Author ORCID Identifier
Year of Publication
Doctor of Philosophy (PhD)
Arts and Sciences
Dr. Arnold Stromberg
Sepsis occurs in a patient when an infection enters into the blood stream and spreads throughout the body causing a cascading response from the immune system. Sepsis is one of the leading causes of morbidity and mortality in today’s hospitals. This is despite published and accepted guidelines for timely and appropriate interventions for septic patients. The largest barrier to applying these interventions is the early identification of septic patients. Early identification and treatment leads to better outcomes, shorter lengths of stay, and financial savings for healthcare institutions. In order to increase the lead time in recognizing patients trending towards septicemia a multivariate discrimination model was developed to create an early identification sepsis score to identify patients who are starting to show signs of sepsis. The model utilizes the patient’s heart rate, respiratory rate, systolic blood pressure, temperature, and oxygen saturation and the change from each of their respective baselines. Patient specific baselines are based on each patient’s previous vital sign measures leading up to the current set of measures.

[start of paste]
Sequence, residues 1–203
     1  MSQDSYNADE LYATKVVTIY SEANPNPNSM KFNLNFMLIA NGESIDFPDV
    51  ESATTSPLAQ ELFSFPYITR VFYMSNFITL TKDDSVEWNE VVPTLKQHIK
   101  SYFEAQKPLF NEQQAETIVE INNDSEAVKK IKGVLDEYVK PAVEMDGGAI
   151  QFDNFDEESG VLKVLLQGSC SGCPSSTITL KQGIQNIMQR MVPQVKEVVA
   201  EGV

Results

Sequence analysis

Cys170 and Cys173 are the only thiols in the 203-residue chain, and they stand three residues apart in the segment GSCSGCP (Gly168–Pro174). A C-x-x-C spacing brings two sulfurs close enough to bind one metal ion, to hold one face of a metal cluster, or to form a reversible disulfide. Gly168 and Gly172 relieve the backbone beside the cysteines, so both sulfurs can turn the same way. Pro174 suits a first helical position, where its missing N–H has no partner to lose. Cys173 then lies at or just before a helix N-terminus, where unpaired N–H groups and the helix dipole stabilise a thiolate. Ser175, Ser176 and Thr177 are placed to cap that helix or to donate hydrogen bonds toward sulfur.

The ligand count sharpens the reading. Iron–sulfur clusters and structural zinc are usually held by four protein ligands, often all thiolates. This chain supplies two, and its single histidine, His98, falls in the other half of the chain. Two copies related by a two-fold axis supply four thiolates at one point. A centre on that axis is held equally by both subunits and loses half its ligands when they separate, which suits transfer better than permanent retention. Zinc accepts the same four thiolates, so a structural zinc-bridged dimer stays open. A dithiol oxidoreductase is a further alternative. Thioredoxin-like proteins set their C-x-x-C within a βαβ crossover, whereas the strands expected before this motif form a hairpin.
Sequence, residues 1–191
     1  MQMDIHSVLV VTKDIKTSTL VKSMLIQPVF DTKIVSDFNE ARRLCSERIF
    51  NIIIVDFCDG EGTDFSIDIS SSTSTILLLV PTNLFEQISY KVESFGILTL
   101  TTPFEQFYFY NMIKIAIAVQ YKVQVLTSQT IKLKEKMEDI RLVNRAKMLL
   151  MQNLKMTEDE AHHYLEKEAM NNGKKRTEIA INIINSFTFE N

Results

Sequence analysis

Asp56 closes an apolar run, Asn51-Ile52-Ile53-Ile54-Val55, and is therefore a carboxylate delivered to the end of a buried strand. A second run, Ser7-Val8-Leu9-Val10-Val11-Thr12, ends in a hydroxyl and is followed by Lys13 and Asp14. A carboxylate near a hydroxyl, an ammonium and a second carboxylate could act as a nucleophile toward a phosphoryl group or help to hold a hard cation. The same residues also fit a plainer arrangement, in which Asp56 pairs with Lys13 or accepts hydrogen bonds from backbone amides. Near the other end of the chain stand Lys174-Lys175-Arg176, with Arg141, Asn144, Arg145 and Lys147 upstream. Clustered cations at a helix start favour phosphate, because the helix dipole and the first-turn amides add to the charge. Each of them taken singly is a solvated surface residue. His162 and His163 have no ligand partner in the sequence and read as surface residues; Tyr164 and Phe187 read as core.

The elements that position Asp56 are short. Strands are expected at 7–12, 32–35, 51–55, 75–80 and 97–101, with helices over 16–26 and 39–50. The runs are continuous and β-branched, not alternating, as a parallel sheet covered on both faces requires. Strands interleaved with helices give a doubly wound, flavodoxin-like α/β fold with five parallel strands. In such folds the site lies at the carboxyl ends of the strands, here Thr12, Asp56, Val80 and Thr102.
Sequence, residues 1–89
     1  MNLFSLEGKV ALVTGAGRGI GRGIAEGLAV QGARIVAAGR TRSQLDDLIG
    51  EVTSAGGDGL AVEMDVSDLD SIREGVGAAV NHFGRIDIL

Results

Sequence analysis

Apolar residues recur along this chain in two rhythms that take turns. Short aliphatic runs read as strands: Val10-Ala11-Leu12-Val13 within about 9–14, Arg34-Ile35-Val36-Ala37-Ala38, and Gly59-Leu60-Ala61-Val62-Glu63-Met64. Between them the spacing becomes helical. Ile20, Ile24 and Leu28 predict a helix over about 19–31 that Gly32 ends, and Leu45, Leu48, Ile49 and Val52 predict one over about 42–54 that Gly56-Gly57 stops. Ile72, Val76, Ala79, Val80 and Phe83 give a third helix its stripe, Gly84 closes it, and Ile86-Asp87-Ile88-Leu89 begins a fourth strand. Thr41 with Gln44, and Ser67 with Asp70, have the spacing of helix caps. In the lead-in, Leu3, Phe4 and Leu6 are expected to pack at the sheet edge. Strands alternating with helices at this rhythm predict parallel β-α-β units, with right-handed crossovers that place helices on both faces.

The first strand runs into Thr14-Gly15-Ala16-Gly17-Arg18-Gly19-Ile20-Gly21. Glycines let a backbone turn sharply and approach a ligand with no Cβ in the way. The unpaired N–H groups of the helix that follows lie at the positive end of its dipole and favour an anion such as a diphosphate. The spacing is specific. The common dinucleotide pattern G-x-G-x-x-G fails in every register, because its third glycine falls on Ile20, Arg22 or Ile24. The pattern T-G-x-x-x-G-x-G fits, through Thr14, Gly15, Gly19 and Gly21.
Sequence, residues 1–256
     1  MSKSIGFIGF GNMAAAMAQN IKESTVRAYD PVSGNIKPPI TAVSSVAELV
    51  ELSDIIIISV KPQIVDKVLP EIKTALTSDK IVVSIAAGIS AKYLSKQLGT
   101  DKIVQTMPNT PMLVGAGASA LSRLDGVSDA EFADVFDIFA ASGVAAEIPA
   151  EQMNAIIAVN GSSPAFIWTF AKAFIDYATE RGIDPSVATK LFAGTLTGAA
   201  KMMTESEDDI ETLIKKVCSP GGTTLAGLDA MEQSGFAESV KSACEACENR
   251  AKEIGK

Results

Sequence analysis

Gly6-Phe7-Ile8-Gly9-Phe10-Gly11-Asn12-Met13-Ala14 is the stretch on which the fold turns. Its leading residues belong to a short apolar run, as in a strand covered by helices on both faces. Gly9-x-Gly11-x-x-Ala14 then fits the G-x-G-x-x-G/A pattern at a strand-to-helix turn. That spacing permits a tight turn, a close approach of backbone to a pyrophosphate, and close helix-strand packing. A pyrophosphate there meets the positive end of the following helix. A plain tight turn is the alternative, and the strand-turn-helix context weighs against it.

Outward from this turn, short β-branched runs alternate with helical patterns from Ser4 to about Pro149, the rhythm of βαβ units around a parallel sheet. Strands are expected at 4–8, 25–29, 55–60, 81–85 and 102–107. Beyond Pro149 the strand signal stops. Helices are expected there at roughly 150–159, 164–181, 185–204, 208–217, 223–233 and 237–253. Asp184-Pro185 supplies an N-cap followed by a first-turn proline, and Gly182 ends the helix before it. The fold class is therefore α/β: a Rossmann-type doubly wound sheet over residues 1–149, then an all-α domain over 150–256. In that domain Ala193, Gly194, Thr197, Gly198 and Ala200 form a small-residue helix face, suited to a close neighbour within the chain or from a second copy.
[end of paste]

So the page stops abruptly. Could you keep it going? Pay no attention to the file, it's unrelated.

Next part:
Theoretical assumptions are applied to this sepsis score to investigate distributional properties of the measure for applicable inferences. Finally, a new approximation to the degrees of freedom of a t-distribution, 𝜈𝑠, is proposed. This new approximation is investigated and compared to the Satterthwaite approximation.
Digital Object Identifier (DOI)
Schadler, Aric, "MEASURING CHANGE: PREDICTION OF EARLY ONSET SEPSIS" (2020). Theses and Dissertations--Statistics. 50.